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The ICC: Challenges and Response to the Independent Expert Review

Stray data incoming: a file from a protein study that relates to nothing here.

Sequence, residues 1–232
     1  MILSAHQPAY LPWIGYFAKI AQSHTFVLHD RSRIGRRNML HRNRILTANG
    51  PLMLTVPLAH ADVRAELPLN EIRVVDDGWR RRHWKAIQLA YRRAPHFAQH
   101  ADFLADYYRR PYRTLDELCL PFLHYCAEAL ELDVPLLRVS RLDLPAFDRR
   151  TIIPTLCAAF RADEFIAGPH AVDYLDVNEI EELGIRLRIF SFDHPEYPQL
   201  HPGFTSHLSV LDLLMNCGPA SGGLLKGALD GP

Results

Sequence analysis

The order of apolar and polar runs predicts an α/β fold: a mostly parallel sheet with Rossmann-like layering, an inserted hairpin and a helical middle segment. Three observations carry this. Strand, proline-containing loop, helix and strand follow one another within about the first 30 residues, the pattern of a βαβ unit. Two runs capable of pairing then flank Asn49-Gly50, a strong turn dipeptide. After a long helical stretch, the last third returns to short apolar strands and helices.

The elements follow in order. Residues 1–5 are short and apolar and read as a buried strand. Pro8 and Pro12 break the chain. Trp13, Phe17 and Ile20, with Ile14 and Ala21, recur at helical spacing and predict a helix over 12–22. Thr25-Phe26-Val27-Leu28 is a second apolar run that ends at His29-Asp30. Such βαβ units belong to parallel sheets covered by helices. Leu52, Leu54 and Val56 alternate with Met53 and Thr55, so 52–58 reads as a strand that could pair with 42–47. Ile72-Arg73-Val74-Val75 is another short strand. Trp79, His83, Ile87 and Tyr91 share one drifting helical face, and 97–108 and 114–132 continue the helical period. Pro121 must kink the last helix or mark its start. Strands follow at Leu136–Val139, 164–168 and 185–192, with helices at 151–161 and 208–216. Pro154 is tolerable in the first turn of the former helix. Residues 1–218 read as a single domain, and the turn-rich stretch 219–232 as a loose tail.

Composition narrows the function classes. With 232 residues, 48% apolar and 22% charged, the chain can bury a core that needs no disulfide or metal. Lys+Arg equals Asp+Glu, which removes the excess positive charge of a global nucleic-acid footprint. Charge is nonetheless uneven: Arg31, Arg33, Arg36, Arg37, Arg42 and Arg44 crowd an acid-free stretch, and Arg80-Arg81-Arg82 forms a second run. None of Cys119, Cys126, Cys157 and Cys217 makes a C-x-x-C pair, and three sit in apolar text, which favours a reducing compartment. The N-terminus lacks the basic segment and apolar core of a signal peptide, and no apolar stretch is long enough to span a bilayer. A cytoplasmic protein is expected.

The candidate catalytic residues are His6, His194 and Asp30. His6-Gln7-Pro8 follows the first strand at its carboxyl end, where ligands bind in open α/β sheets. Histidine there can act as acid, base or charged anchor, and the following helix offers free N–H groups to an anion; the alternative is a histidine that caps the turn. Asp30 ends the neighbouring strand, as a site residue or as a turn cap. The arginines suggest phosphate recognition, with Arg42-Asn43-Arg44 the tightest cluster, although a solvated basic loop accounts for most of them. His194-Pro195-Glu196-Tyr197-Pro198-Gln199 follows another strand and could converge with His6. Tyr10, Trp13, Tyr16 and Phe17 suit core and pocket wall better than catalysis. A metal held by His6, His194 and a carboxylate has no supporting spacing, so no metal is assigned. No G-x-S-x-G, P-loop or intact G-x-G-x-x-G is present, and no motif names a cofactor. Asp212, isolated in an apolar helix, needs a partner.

The International Criminal Court (ICC), established in 1998, plays a pivotal role in prosecuting grave international crimes and upholding global justice. Despite its broad support from 123 member states, the ICC faces challenges in effectively enforcing its mandate due to the absence of robust internal oversight mechanisms. This essay critically analyzes these challenges and the ICC's response, focusing on the Independent Expert Review (IER) conducted in 2020 and the ICC's subsequent actions. The essay begins by delving into criticisms leveled against the ICC, including allegations of bias, slow proceedings, lack of cooperation from member states, and the ineffectiveness of non-compliance procedures. It argues for the necessity of reforms, particularly the introduction of robust internal oversight mechanisms, to address these issues. The bureaucratic hindrances faced by the ICC, such as lengthy pre-trial proceedings, problematic evidence gathering, and administrative affairs, are examined, emphasizing the need for comprehensive reforms to enhance efficiency and enforceability. The findings of the IER and the ICC's response are critically analyzed, assessing recommendations related to efficiency, cooperation with national jurisdictions, witness protection, and victim participation. The ICC's commitment towards addressing these areas and its implications on the Court's functioning are evaluated. The essay further details the ICC's ongoing efforts to improve efficiency, transparency, and public communication in response to the IER recommendations. It evaluates measures taken, such as streamlining procedures, adopting a new case management system, and enhancing internal communication, to assess their impact on effectiveness. The importance of judicial independence and integrity in the ICC's functioning is discussed, focusing on mechanisms being strengthened to resolve conflicts of interest. The ICC's initiatives to improve collaboration with States Parties and balance victims' rights with due process rights are examined, including the restructuring of the victims' application process and the creation of guidelines for their legal representation. Finally, the essay synthesizes the analyses, highlighting the ICC's evolution in the face of challenges and ongoing reforms. It argues that striking a balance between formal and informal oversight mechanisms is crucial to address the ICC's shortcomings and enhance its role in international criminal justice. While acknowledging the complexity of the subject, the essay aims to provide a structured and comprehensive overview, contributing to the understanding of this field's complexities while recognizing its inherent limitations.




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